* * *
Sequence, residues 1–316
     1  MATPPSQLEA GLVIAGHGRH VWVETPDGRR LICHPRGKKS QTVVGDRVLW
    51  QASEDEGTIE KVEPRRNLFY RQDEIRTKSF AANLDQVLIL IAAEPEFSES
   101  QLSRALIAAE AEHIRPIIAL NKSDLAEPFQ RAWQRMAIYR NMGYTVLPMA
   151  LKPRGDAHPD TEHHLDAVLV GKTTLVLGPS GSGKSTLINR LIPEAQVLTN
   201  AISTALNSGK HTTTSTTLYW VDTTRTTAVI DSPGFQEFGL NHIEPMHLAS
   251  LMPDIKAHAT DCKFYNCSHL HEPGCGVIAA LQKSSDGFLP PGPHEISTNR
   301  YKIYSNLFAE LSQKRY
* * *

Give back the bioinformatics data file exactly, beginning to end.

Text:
Sequence, residues 1–316
     1  MATPPSQLEA GLVIAGHGRH VWVETPDGRR LICHPRGKKS QTVVGDRVLW
    51  QASEDEGTIE KVEPRRNLFY RQDEIRTKSF AANLDQVLIL IAAEPEFSES
   101  QLSRALIAAE AEHIRPIIAL NKSDLAEPFQ RAWQRMAIYR NMGYTVLPMA
   151  LKPRGDAHPD TEHHLDAVLV GKTTLVLGPS GSGKSTLINR LIPEAQVLTN
   201  AISTALNSGK HTTTSTTLYW VDTTRTTAVI DSPGFQEFGL NHIEPMHLAS
   251  LMPDIKAHAT DCKFYNCSHL HEPGCGVIAA LQKSSDGFLP PGPHEISTNR
   301  YKIYSNLFAE LSQKRY